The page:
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Lithuania Tech Weekly #127

Short version - Work in Progress - landing on LinkedIn,
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work in progress

  • AI in motion. Greylock's Chen argues that in the AI world, the moats have not changed - what he calls "systems of intelligence". More than 5 m images were generated with Genus AI Product Catalog tool. JobRely launched integration with ChatGPT so that recruiters would never work, again. There might be opportunities for one-person companies, but we are not there yet.
  • Vinted. Grows revenue to EUR 371m and reduces losses to EUR 43m, now having 1,800 people onboard. They have caught us by surprise with the launch of Vinted Go - one could have expected them to jump into another category ( furniture?) instead. It won't be easy - it's atoms, not just bytes, and a significant B2B arm alongside the C2C marketplace (these lockers won't be full of clothes alone - they will need other freight companies to use them). But it's a challenge worth taking - it completely aligns with the overall mission of making fashion sustainable. Apparently, delivery to a pick-up point instead of the buyer’s home reduced emissions by 62%, which is massive, not to mention reduced cost, which in turn encourages more sales on the platform. If they can make this piece of vertical integration work, it will be a cornerstone of its "factory is the product" version.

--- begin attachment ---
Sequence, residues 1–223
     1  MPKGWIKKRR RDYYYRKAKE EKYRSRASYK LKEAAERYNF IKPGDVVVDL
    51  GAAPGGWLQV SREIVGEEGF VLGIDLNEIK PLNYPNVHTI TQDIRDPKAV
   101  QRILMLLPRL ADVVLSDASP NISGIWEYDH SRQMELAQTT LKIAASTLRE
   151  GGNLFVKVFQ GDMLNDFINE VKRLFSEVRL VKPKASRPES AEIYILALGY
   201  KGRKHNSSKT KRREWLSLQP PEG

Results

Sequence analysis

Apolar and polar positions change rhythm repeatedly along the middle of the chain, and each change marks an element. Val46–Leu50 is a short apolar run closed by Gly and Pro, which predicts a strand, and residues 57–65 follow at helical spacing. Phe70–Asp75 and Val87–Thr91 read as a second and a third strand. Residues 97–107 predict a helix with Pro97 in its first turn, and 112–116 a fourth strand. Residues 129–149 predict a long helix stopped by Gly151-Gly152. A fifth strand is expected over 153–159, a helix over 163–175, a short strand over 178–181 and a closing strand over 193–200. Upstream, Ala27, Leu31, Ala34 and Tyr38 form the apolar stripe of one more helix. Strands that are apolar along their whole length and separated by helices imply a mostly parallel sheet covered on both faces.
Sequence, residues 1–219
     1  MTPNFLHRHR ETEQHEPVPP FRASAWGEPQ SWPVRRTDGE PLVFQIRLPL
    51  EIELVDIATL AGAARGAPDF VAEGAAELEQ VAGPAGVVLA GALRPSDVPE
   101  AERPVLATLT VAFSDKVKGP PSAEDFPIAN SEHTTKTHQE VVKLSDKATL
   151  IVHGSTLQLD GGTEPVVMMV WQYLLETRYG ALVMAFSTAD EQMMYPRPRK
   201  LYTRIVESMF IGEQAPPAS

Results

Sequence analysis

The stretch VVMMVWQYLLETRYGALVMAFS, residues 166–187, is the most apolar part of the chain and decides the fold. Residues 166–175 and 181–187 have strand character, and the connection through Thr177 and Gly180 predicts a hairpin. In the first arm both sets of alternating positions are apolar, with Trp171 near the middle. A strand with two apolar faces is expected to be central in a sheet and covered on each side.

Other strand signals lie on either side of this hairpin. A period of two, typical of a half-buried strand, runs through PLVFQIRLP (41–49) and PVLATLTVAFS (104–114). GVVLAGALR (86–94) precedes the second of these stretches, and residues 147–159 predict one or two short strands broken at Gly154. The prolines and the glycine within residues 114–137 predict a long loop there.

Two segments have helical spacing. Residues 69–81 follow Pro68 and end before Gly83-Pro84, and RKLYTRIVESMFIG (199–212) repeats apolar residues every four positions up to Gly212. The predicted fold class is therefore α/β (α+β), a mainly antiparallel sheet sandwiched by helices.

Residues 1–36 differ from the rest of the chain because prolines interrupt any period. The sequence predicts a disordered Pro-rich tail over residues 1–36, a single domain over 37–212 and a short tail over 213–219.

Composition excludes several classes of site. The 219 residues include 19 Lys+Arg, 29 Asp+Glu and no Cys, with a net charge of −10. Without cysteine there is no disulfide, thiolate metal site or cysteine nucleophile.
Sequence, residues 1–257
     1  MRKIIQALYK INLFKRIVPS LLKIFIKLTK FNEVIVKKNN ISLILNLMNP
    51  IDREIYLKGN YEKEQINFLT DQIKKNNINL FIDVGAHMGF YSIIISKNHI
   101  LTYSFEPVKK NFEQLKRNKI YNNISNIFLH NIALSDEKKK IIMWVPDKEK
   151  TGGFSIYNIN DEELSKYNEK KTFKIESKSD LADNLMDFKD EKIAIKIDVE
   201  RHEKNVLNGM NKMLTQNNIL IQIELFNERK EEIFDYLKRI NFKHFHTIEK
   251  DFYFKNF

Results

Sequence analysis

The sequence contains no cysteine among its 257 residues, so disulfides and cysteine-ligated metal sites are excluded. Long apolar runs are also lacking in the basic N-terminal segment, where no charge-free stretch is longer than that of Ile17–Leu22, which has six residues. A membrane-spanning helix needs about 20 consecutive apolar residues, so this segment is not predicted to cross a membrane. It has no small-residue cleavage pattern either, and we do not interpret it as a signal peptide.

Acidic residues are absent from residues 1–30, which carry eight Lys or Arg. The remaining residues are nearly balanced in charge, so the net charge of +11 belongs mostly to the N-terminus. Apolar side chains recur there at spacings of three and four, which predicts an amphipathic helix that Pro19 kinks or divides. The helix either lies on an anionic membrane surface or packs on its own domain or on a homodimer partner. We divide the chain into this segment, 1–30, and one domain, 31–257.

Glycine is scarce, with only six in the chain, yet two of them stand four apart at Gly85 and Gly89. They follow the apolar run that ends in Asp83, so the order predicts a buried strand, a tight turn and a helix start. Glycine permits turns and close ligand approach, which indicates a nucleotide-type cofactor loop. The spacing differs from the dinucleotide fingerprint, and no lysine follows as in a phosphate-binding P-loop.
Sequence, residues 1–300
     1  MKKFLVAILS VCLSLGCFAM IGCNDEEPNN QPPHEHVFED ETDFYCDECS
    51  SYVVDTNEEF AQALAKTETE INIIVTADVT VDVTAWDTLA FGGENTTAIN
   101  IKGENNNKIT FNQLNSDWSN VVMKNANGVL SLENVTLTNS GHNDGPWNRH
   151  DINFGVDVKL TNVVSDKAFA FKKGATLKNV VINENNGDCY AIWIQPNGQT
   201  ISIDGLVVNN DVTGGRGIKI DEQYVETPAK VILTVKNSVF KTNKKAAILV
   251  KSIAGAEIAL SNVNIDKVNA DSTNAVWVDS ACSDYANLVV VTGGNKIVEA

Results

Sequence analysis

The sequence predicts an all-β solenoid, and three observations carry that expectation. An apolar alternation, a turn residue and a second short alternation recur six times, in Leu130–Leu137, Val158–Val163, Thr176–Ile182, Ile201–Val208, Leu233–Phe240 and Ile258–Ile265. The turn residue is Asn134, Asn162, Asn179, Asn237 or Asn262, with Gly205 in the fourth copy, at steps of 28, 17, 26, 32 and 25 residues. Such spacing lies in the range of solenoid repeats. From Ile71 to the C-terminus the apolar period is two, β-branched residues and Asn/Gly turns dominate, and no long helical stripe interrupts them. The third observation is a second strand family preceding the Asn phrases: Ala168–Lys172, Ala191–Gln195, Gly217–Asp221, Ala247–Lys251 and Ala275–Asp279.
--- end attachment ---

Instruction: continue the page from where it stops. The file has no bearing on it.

• Big headlines at Techcrunch, Sifted, CNBC - all reporting upcoming Tech Zity Vilnius, a 55,000 sqm campus for tech firms, initiated by Mantas Mikuckas and Darius Zakaitis. They have pulled EUR 30m already and aiming at EUR 100m as the total investment (another pre-seed fund at a third of this size would come very timely, too!)
  • Sequoia introduced Atlas - an interactive map of engineering talent in Europe. Not the biggest or the deepest (that's the London advantage), Vilnius and Tallinn shines with Frontend framework competence, as well as gaming for LT.

rounds and capital

  • Nothing to report?


founder's guide

further insights

A new global economic and geopolitical regime requires structural change to already stressed growth models around the world. There is a need for speed in adapting policy approaches to respond to new ‘wartime’ models of globalisation, competitive industrial policy, the net zero transition, disruptive new technologies, and much more. Many existing policy approaches and areas of competitive strength will be compromised in this new world.

three questions, previously